>>>that
>>>we
>>>are doing with credit card payments.  When I started working here it was
>>>an
>>>all MS
>>>shop, including the FTP server.  In order to help secure things (at
>>>all), I
>>>talked the boss into letting me setup an OpenBSD server as the FTP
>>>server
>>>instead of
>>>windows2003.  Since then, I have also setup firewalls, mail server, IDS
>>>etc.
>>>all based
>>>upon OpenBSD (and loving every minute of it).  However, now that we need
>>>this cert,
>>>one of the few things still standing in the way is the requirement that
>>>we
>>>set up
>>>the FTP server to lockout (for 30min.) any account that fails to login 3
>>>times in a row.  I haven't been able to find any ftp software that does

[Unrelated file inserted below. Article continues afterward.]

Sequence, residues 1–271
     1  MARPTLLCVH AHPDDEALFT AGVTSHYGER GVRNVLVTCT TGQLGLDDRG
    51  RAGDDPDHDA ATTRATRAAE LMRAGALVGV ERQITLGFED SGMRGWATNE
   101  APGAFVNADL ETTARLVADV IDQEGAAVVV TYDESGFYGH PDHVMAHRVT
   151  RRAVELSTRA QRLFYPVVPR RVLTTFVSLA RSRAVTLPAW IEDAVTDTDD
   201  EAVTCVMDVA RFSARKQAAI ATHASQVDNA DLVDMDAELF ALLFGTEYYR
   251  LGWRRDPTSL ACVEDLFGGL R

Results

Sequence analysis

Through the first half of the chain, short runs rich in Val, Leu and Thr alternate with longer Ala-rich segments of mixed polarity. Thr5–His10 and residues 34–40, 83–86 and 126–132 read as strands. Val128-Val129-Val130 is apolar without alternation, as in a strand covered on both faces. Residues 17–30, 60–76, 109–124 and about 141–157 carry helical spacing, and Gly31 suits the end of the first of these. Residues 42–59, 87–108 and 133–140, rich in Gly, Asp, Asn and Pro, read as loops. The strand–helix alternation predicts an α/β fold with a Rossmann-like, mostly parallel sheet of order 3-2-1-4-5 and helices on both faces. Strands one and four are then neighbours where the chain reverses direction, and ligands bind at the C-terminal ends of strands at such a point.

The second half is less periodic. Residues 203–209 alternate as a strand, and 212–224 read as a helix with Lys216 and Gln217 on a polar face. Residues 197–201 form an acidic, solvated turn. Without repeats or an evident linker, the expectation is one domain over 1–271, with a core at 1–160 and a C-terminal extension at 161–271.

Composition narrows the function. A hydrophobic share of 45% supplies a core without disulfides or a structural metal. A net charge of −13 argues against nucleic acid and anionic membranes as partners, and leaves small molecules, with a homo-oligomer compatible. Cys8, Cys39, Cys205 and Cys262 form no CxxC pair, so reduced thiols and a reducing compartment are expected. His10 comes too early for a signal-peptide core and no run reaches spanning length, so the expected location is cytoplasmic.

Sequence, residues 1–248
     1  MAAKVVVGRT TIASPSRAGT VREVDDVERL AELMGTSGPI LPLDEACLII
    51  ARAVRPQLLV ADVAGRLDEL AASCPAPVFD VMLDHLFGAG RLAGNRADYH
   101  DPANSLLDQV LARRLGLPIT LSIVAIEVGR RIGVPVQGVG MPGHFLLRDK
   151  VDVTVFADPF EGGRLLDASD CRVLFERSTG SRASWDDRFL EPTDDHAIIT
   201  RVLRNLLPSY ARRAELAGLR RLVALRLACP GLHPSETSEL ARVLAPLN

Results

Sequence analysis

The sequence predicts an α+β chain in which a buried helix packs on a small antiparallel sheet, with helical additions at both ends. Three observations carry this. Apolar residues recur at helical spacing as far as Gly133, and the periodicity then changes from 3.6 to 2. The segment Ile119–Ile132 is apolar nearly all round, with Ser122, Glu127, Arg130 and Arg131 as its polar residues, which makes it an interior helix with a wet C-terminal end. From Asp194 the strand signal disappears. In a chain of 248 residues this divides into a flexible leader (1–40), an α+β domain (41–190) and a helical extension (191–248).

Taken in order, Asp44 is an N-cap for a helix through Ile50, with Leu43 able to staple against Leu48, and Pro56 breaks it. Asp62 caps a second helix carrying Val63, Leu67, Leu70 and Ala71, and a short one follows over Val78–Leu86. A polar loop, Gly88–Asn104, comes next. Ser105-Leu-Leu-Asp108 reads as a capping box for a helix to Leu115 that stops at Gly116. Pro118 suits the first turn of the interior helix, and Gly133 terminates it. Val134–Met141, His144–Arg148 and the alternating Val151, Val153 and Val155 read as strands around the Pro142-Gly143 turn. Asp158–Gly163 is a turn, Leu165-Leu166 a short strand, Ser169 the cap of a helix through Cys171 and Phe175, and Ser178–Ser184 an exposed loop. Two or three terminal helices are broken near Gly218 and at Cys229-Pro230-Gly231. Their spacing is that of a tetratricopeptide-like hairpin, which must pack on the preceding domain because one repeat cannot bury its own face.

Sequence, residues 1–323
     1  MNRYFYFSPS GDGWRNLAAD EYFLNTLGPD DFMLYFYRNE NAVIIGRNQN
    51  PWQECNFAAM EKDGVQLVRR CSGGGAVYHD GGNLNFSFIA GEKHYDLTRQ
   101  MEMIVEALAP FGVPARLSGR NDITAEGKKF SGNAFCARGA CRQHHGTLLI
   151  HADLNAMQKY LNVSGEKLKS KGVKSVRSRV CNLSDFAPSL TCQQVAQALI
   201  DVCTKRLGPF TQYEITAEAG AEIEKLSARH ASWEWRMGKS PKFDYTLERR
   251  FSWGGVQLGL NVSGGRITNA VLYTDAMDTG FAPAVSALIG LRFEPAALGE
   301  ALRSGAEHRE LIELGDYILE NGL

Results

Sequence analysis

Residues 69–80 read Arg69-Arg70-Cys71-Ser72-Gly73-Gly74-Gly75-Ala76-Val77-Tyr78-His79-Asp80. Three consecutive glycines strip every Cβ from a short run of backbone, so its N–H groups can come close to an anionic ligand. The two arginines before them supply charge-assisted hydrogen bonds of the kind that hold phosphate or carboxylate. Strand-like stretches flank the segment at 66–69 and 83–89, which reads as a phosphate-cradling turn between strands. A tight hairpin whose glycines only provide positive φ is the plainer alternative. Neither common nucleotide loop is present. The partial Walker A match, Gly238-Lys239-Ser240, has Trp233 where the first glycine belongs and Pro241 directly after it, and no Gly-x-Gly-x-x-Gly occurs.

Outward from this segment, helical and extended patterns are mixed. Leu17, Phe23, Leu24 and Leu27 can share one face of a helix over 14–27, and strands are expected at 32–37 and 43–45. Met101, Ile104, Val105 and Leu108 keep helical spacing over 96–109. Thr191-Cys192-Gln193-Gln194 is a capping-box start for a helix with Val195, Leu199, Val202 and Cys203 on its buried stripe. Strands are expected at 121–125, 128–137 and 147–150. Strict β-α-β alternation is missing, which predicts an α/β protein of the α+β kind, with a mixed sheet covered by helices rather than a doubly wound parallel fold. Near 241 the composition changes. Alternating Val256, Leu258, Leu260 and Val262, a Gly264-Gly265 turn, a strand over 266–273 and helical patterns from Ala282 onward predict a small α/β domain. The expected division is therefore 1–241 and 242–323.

>>>that.  The FTP server that ships with OpenBSD uses system accounts, and
>>>I
>>>haven't
>>>figured out how to do that there either.
>>>
>>>If I don't get this figured out soon, The boss will loose patience and I
>>>will be right
>>>back to MS hell trying to secure a win2003 ftp server just because it
>>>will
>>>lockout
>>>an account that fails login 3 times in a row.  (and then probably figure
>>>out
>>>how to
>>>setup a win2003 firewall, IDS, exchange server, etc etc etc... you get
>>>the
>>>pic)
>>>
>>>If anyone has any suggestions, please let me know.
>>>      
>>>
>>How about writing a login_* program for /usr/libexec/auth? It would be
>>sufficient to check if there have been too many login attempts recently,
>>and if not, call /usr/libexec/auth/login_passwd (or similar), and pass
>>the response.
>>
>>There is quite a bit of information in login.conf(5). You'll also need
>>to modify this file, so it's a good place to start.
>>
>> Joachim